The law addresses for the first time the processing of personal data via autonomous and semi-autonomous systems
On 18 April 2023, the Dubai International Financial Centre (DIFC) launched a 30-day public consultation on the proposed amendments to the Personal Data Protection Regulations to establish additional areas of regulation that would support the strong implementation of the DIFC Data Protection Law No. 5 of 2020. The proposed amendments are aimed at enhancing the current data protection framework in the DIFC and addressing the means for better, safer and more ethical management of personal data processing and operations.
The Personal Data Protection Law of Saudi Arabia (“KSA”) was recently amended pursuant to Royal Decree No. M/148, dated 05/09/1444H (corresponding to 27 March 2023G) (“Amended PDPL”). These amendments were preceded by a public consultation launched by the Saudi Data and Artificial Intelligence Authority in late 2022.
The Amended PDPL expands the scope under which Controllers could collect personal data from third parties, and process it for purposes other than that for which it was originally collected. It also provides additional grounds for Controllers to disclose personal data, and introduces an updated regime for personal data transfers outside of KSA.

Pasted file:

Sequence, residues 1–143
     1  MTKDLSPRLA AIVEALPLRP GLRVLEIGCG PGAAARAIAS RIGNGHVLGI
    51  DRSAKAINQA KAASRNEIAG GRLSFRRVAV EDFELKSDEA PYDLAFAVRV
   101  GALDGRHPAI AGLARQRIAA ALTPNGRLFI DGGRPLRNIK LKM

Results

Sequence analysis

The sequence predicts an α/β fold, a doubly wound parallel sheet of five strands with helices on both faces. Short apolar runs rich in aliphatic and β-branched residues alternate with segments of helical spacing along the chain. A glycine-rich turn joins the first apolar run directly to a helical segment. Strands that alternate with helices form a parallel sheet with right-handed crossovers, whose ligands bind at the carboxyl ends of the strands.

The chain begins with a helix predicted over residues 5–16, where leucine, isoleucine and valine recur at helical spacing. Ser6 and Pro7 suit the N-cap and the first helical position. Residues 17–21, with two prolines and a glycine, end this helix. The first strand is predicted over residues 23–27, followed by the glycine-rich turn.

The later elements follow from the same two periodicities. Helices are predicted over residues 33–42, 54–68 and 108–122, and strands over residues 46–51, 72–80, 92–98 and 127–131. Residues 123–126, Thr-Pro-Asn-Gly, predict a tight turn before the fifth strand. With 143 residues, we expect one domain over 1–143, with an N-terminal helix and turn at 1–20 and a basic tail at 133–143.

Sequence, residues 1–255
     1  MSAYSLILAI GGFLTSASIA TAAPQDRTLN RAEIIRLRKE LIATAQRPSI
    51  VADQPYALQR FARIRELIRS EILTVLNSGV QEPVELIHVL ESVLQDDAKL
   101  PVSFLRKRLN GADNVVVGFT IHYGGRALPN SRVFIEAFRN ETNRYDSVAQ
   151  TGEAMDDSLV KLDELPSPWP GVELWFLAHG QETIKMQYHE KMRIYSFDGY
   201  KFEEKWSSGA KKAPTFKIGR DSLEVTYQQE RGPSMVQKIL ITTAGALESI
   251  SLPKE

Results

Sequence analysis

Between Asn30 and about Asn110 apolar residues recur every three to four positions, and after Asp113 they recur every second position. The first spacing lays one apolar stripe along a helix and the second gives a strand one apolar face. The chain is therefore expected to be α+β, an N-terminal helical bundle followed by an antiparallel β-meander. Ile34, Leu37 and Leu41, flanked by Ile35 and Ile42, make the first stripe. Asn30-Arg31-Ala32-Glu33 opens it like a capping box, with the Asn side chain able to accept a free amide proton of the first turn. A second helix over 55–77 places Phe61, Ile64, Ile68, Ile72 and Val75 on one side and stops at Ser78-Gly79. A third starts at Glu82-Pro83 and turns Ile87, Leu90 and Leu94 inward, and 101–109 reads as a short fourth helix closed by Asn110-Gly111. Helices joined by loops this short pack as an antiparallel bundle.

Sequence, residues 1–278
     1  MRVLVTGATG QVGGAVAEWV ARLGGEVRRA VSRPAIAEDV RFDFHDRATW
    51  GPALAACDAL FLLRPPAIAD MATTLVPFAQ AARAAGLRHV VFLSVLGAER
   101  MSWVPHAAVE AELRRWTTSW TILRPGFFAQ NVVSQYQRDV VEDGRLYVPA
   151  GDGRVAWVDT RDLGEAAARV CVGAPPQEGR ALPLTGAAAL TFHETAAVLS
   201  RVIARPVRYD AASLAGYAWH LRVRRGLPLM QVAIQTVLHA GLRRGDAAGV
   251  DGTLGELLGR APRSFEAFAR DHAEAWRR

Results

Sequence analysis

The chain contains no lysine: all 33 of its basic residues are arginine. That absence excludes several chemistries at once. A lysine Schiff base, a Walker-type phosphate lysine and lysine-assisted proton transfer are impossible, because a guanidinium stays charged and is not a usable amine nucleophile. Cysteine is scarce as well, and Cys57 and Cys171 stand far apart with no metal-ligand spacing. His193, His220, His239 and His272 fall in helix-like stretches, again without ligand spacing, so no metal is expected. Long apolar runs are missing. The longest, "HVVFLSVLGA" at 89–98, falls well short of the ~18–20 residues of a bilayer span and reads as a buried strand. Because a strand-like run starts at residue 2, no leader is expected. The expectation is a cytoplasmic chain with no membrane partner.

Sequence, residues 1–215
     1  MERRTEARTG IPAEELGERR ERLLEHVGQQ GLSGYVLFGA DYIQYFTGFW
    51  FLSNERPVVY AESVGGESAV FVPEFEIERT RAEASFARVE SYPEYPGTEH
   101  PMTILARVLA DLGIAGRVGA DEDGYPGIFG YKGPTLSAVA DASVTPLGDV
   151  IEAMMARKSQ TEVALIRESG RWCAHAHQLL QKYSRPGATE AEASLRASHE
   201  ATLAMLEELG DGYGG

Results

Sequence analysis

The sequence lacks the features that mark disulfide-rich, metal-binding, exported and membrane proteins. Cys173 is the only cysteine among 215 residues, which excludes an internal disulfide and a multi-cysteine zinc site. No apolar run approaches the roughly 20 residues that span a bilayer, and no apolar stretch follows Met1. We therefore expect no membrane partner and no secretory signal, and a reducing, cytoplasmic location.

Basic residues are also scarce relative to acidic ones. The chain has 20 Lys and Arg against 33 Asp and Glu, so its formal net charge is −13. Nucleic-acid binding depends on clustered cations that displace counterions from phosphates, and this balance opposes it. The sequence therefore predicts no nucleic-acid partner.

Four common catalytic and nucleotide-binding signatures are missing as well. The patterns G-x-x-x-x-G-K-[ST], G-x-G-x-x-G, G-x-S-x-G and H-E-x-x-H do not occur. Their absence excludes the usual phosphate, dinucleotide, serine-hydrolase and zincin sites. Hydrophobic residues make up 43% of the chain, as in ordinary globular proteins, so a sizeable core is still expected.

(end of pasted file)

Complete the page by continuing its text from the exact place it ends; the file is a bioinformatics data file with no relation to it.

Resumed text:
The Middle East luxury brands industry has rapidly expanded in recent years, driven by rising global consumption and major strides in online retail sales and marketing. These developments have also brought new challenges for the industry as companies face more stringent regulations as well as complex corporate and employment issues as they expand into new markets. As luxury goods companies gather large amounts of customer information, data protection has also become a major concern. Join Baker McKenzie for an update on the employment and data protection laws for luxury brands in the Middle East on 8 February 2023 from 2:00 – 3:00pm GST.
On 30 June 2022, the Government of Abu Dhabi Department of Health (DoH) issued Circular No. 147 of 2022 requiring health and pharmaceutical facilities licensed by the DoH (“Licensed Entities”) to obtain a “secure” or “safe” certificate that certifies they operate in full compliance with the requirements of the Abu Dhabi Standard for Health Information Security and Cyber Security Standards (“Standards”). Licensed Entities have until the end of this year (i.e., by 31 December 2022) to complete an audit process to verify their self-certification with the Standards.
The Circular also states that Licensed Entities are urged to apply stricter cybersecurity controls, including to ensure health data is not transmitted outside of the UAE and to discontinue the use of any cloud-based services that store or utilize health data, irrespective of whether that solution is hosted within or outside the UAE.